This is a logical assumption and applies in some cases, and more talent is available to hire. However, are you certain that this available talent pool contains your desired top performers? Are these people from companies with reputations for attracting great talent? Do these people have the appropriate skillset you need? These are important considerations when hiring talent in any market. Let’s examine our current hiring climate and how layoff decisions are made.

The past few years of COVID spurred investment into healthcare technologies, and we had a vapid IPO market and lots of capital looking for a place to land. Many companies started and grew simultaneously, requiring talent to grow. In addition, remote work resulted in remote hiring, and the demand for talent became very tight. Employers also over-hired in defense of the “quiet quitting” movement. Now capital is not as readily available, and many companies are letting people go.

Let’s talk about how companies execute a RIF (reduction in force) and how decisions are typically made regarding who stays and who is let go. Senior management meets and looks at the business as a whole, what parts are managed well or profitable, and who is meeting the key objectives. Then the senior team examines which products and service lines are profitable. The underperforming units are naturally where they start to look at reducing expenses. Hiring freezes are often put in place as well.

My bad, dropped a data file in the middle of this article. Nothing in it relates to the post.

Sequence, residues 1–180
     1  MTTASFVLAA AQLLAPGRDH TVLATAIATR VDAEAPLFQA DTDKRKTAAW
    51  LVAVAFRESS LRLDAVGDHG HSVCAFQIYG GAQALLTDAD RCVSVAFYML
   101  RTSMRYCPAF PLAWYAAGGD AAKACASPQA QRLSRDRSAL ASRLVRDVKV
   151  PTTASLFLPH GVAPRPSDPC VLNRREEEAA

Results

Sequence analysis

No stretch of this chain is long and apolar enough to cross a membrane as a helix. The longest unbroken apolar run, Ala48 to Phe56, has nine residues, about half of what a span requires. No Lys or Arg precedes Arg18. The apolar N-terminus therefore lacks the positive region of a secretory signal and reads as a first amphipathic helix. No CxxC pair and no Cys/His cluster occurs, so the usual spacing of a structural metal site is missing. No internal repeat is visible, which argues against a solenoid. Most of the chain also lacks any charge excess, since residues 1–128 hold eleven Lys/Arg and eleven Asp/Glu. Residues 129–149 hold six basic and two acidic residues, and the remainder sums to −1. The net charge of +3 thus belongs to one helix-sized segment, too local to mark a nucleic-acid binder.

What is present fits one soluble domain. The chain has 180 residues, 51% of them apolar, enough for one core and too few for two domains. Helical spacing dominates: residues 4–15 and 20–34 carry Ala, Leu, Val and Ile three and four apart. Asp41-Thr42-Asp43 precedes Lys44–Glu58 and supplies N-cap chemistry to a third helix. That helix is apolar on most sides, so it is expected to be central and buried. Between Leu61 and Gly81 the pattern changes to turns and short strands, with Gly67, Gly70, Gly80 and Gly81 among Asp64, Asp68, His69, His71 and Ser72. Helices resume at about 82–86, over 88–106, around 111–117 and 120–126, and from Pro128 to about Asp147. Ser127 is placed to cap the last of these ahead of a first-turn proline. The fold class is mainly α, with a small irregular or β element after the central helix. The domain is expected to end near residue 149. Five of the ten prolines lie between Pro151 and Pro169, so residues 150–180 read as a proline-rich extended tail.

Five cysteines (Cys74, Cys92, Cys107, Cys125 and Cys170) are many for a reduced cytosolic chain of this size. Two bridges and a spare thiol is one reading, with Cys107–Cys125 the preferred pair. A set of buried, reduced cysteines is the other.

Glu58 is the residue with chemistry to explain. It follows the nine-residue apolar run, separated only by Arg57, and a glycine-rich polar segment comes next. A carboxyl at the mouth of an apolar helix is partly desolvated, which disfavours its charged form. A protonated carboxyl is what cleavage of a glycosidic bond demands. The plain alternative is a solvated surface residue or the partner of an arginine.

The HR department is then brought in to work with all managers and employees regarding performance and contribution. Low performers are often let go first; many companies practice letting go of the bottom 10-15% annually. Other companies wait until the capital flow is restricted and market conditions turn down before letting people go. Strong performers are rarely in this group.

Then come some harder decisions, like the next layer down the next 10-15% need to be let go. This is when leadership becomes uncomfortable and lets go of a few mid-range performers.

If the company has filed for bankruptcy or has failed a clinical study or market adoption for their product has not taken off; the company cannot secure another round of funding, or the strategic buyer they were in negotiations with backed out of the deal, they cannot get reimbursement, or the market timing is off, or the product does not work as they had expected, then bigger staffing cuts are made. These conditions are not always predictable and often fatal to the company.

This is when top performers and key executives are let go.

What is important for you, the CEO or Board of Director Member, is to know the “why” behind why the person is no longer working. You want to verify what the person tells you through reference checking and doing your own homework on candidates.

When you find a top-quality candidate, do not expect to pay them less because they are not working. This person has invested decades into their career in making companies successful. Otherwise, they would not be at the level they are currently. Many talented people in the market often have more than one choice of companies to work with, and if they are a great fit for you and your team, paying them fairly is the best way to welcome them into your team.

Feel free to reach out to us to help you find your next top performing executive.